# Thread: Rayleigh estimator and confidence intervals for small N

1. ## Rayleigh estimator and confidence intervals for small N

I have a small number of samples from a Rayleigh process, and I am trying to estimate the Rayleigh parameter sigma.

This popular exercise suggests that $\displaystyle \widehat{ \sigma} = \frac{\sum r^{2}_{i} }{2n}$ is an unbiased estimator for sigma. Except that it doesn't come close to the underlying sigma unless you take the square root of the result, and even then it is biased for small n! (I verified this via monte carlo simulation.)

So for small Rayleigh populations is there a BLUE, or a correction term to the MLE $\displaystyle \widehat{ \sigma} = \sqrt{\frac{\sum r^{2}_{i} }{2n}}$?

Furthermore, what can I say about confidence in the parameter estimate for a given population of n samples?

2. ## Re: Rayleigh estimator and confidence intervals for small N

Hey dbooksta.

Did you try using the MLE estimator to get the estimator of sigma? Once you do that, you can compare it to the MOM estimator and see how the value of n impacts the biased-ness of the estimator which will allow you to add a correction factor that is a function of n.

3. ## Re: Rayleigh estimator and confidence intervals for small N

Please have some patience with me -- I managed to get a B.S. in Math without covering any formal statistics:

The MLE I give is an estimator of the Rayleigh parameter sigma. I assume the source of the bias is analogous to the bias in standard deviation estimators resulting from the presence of an exponent in the sample sum. (In fact, the Rayleigh distribution has relationships to other common distributions, so I am hoping no new ground needs to be broken to answer my question!)

Checking MOM: The distribution only has one parameter, so MOM only has us looking at the first moment, $\displaystyle m_1 = \sigma \sqrt{\frac{\pi}{2}}$, or $\displaystyle \sigma = m_1 \sqrt{\frac{2}{\pi}}$: a constant times the sample mean, which I guess tells us once again that the bias is a result of the concavity of the $\displaystyle \sqrt{n}$ in the estimator for sigma. Have I used MOM correctly?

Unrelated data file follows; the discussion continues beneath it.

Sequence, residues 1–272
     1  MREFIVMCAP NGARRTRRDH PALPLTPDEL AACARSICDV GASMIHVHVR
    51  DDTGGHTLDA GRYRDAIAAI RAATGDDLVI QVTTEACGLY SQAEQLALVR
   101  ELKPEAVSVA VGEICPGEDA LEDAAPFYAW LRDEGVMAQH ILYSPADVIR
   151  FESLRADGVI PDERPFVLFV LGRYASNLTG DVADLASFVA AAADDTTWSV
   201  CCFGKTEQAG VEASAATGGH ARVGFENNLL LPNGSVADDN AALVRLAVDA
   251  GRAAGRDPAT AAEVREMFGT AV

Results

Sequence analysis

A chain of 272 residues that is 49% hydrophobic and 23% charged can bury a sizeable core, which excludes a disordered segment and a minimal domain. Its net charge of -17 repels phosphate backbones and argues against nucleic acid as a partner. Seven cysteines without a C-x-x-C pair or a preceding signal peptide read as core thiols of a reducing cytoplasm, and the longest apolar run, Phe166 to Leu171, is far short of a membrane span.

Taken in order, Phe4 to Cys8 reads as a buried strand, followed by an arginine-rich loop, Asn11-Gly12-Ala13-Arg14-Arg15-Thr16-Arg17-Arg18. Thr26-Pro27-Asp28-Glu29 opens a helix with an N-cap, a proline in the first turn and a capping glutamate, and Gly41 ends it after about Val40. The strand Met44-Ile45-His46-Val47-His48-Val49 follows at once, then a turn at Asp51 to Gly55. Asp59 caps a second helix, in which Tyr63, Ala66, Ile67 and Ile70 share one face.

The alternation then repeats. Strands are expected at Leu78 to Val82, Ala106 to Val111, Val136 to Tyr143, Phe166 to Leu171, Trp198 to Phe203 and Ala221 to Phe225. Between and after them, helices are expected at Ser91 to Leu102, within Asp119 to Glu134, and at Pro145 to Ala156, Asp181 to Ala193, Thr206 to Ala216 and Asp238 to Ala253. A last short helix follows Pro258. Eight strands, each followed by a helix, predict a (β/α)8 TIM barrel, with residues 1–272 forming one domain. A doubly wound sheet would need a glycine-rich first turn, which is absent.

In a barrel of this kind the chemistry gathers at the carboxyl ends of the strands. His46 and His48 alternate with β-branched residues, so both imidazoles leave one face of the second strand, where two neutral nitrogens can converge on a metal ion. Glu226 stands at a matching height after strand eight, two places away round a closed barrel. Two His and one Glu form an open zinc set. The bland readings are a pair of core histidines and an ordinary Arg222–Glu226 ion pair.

Again, given the similarities, I wouldn't be surprised to see $\displaystyle c_4$ show up here, but I can't make the connection.

P.S. Any hints on why the two Latex expressions in the third paragraph aren't rendering? [Edit: Fixed them -- had used \TEX instead of /TEX to terminate!]

4. ## Re: Rayleigh estimator and confidence intervals for small N

I don't know what is wrong with your latex but if anyone knows please reply so we can fix it up.

5. ## Re: Rayleigh estimator and confidence intervals for small N

And further confusion: the MLE I am frequently finding as I research this is for the Rayleigh parameter squared -- i.e., $\displaystyle \sigma^2 = \vartheta = \frac{\sum r^{2}_{i} }{2n}$. As I mentioned initially, that appears to be unbiased, and both the Rayleigh pdf and CDF only refer to $\displaystyle \sigma^2$. So how do we introduce bias when we use the square root of that unbiased parameter estimation in the formulas for moments?

6. ## Re: Rayleigh estimator and confidence intervals for small N

Thats OK since you can use the invariance principle for the MLE estimator.

You will get bias and it may be complicated, but in terms of the point estimate the square root should be OK.

Just out of curiosity, do you need to measure sigma as opposed to sigma^2? If so what is the reason and the context of your decision?

7. ## Re: Rayleigh estimator and confidence intervals for small N

Originally Posted by chiro